Born Mar. 7, 1899, in Tokyo. Japanese writer and critic.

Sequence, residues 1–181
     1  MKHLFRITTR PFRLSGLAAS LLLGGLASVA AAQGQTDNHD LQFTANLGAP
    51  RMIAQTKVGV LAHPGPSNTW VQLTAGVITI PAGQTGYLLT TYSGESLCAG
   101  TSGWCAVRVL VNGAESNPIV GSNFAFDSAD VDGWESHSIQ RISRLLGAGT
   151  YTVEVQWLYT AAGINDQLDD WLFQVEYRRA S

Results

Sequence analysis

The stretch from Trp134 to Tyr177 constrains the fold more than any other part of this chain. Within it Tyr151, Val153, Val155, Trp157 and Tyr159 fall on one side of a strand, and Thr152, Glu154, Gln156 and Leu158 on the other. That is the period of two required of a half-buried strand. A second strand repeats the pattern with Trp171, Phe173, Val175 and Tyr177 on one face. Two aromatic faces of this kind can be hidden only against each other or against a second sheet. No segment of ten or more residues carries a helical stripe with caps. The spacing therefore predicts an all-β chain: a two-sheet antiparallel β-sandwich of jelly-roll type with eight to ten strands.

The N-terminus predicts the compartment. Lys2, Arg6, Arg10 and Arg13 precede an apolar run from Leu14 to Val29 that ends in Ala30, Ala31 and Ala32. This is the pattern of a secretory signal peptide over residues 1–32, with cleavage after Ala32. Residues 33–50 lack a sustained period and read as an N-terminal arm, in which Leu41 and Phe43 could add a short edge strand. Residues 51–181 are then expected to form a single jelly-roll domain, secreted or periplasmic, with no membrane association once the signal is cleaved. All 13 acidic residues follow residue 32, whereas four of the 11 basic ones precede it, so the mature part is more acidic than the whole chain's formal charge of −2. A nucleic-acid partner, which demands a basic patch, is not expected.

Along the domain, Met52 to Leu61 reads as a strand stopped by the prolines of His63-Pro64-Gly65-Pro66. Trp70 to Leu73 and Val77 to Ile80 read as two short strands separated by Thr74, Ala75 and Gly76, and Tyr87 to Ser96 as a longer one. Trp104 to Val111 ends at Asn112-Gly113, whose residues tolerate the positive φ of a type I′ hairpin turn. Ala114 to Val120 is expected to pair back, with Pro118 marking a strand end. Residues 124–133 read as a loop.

Ishikawa, a 1920 graduate of the Tokyo Institute of Foreign Languages, has been publishing his works since the mid-1930s. His tale Fuken (1936), about the futility of dreams in modern life, was awarded the Akutagawa Prize (1936). Yet “Song of Mars” (1938), a satirical short story about Japanese militarism, was banned by the censor. An expert in Japanese antiquity, Ishikawa addressed himself to historical themes in Watanabe Kazan (1941), a novel about the tragic fate of the artist and enlightener of the early 19th century. Several of his works written since World War II—for example, The Golden Legend (1946) and The Eternal Lamp (1946)—are marked by a departure from the portrayal of real life. The tale The Falcon (1953) returns Ishikawa to social problems, depicting the life and struggle of Japanese workers. He also wrote studies in the history of Japanese literature (Mori Ogai, 1941).